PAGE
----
I'm lucky enough to travel a lot but I also aim to understand a place in some depth. So I like to find out about the local history, sociology, wildlife and local arts. I prepare for a trip by looking up photos of the famous sights, they're usually a good guide both about the local visual interest and also a warning of what has already been done or over-done.
I try to use the tools of modern photojournalism and photography to communicate how I feel about a place. You’ll see that I have used Portrait, Street, Interior, Historical, Abstract, Landscape, Historical, Wildlife, Phone-camera and Selfie genres at different times for specific effects.

Derwent Water, North Lakes, Cumbria
Derwent Water

Derwent Water, North Lakes, Cumbria
Derwent Water

Late Spring Bank Holiday Week in the Lake District, England’s first holiday weekend since the third lockdown. Traditional landscape photography avoids people but I’ve deliberately featured holidaymakers in this set. After many long weeks of lockdown and deserted streets: it’s been heartening to see people enjoying themselves with a responsible degree of bustle and busyness. And there are precedents on including people in “landscapes”: you need look no further than John Constable’s “The Hay Wain” (1821), one of the most popular paintings in London’s National Gallery.

More photos: Bank holiday week in the Lakes

Fishing vessel Golden Bells SR28 arrives at Girvan
Fishing vessel Golden Bells SR28, coming in to port at Girvan

Port at Girvan

Day out in the hired car to enjoy Fish and Chips at the port of Girvan on the Firth of Clyde. My route took me through Dumfries and then Galloway Forest Park.
Girvan and the Ayrshire coast benefit from warmth from the Gulf Stream, which was particularly apparent coming down from Glentool Forest in the Galloway Forest Park. After miles of winter landscape, suddenly I noticed the lush green growth of spring, promoted by the warming effects of the Gulf Stream.
Geologists know Girvan as pretty much the southwestern end of the Southern Uplands Boundary fault, which is noted for many geological anomalies as it runs through Scotland.
The people I met in Girvan had all come “down” from Glasgow, enjoying their first trips out since the lockdowns and staying for a week. I needed to return, but I rued choosing the coastal route which leads to Stranraer as it was chokka with lorries and trucks.

More photos: Girvan via the Southern Uplands

Hermitage Castle, Scottish Borders
Hermitage Castle

Hermitage Castle, Scottish Borders

Big countryside this, long valleys and high rounded hills with an emptiness that I don’t usually associate with the UK. Some sheep farming and the rest forestry, which looks pretty unattractive when half the valley has been stripped. Straight roads and some impressive corkscrews, for the delight of motorbikers. Note the bikers shivering in Hawick though, they unlike me in a hired Corsa, were getting everything from the weather: sunshine, hail, sleet and just grey.
Hermitage Castle - “Guardhouse of the bloodiest valley in Britain” - was a particular interest to see as it was the northern stronghold of the Dacre family of Cumberland in the fourteenth century. This was the time of the Reivers: robbers and bandits preying in “The Debatable Lands” north of Carlisle. So Hermitage Castle - and its bloody battles - are the part of the medieval history of Cumberland and so, Cumbria. Hermitage Castle keep is an impressive building and a novel design with two large arches. The shell of the building survives, meaning although it changed hands many times, it was never sacked. The location is tactical too, it commands a bend of the river named Hermitage Water, just above the small town of Newcastleton. Maybe it’s a bit fanciful as there’s not a direct metaphor but the fells stripped of trees is reminiscent of the bloody battles of this area of the past.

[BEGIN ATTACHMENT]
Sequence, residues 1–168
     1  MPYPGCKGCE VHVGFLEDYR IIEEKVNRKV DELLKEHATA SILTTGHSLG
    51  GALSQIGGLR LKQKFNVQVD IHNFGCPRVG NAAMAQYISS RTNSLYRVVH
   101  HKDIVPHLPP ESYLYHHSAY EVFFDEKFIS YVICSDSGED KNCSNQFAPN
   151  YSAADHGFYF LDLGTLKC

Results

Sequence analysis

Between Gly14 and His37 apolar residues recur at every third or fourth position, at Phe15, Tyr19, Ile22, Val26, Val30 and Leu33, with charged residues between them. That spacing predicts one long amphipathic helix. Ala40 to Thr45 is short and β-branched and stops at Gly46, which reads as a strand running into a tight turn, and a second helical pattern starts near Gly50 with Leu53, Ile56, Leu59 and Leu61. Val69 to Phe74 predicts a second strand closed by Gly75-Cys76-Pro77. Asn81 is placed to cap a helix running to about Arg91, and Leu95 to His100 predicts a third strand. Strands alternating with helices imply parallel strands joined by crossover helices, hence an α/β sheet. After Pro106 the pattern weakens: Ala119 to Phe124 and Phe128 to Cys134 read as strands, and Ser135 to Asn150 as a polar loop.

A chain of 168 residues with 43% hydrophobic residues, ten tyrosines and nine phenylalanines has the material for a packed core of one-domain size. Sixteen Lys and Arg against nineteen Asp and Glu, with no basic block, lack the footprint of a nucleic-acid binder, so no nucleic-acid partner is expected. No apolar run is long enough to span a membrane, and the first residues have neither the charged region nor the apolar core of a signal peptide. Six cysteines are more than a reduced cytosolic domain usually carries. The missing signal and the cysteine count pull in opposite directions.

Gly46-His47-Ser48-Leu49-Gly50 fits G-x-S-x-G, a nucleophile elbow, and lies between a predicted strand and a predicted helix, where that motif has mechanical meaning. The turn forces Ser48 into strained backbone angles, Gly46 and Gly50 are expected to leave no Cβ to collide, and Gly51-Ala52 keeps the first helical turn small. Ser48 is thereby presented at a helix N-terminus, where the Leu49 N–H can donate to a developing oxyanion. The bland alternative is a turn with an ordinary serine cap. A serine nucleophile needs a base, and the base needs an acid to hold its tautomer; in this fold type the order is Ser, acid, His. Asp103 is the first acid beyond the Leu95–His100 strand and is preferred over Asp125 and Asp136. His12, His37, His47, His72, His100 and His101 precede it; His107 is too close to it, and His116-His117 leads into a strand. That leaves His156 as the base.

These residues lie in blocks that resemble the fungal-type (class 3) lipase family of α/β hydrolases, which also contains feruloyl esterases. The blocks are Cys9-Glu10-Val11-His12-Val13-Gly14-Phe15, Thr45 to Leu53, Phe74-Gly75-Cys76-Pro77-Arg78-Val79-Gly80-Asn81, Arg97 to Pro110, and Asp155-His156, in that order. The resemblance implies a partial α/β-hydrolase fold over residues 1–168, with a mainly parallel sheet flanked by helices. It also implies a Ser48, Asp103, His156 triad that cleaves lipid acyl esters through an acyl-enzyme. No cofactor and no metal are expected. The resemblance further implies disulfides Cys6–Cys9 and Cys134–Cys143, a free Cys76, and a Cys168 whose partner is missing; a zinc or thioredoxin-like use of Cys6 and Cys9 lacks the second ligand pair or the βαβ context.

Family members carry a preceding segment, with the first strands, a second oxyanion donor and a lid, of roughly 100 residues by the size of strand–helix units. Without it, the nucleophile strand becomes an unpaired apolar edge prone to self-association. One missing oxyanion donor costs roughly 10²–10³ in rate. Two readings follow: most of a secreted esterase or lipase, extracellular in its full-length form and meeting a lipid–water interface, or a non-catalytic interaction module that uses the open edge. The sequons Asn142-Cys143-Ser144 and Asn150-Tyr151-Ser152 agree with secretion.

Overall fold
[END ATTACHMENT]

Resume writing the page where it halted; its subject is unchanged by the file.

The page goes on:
More photos: Reiver country: Hermitage Castle and Hawick

Sandpits near Redhill, seen from the train

Precious glimpses from my rail journey in the lockdown to meet with my support bubble mate in Brighton. Familiar to many commuters, these snatched views have a special poignancy at this time when our freedom to roam is suspended and so many are working from home.
Crossing the River Thames at Battersea. Snow and frost on the North Downs, crops germinating under the Balcombe viaduct and the South Downs looming over Hassocks.

Photography note: optical filter used for these photos, Wratten Number unknown but usually referred to as “Southern Railway dirty window”; this gives a pleasing  diffusion effect.

Train leaving Victoria station, London
Battersea Power Station chimneys as the train leaves Victoria station

More photos: Glimpses

View from A66 near Threlkeld, Cumbria
View of Derwentfolds and Lonscale Fell from the A66 near Threlkeld

View from A66 near Threlkeld, Cumbria
View of Blencathra (868 m.) from the A66 near Threlkeld

Winter scenes in Cumbria seen from the roadsides on a journey essential for my business. The photos are from halts on the A66 towards Keswick.

More photos: Cumbria below the snowline

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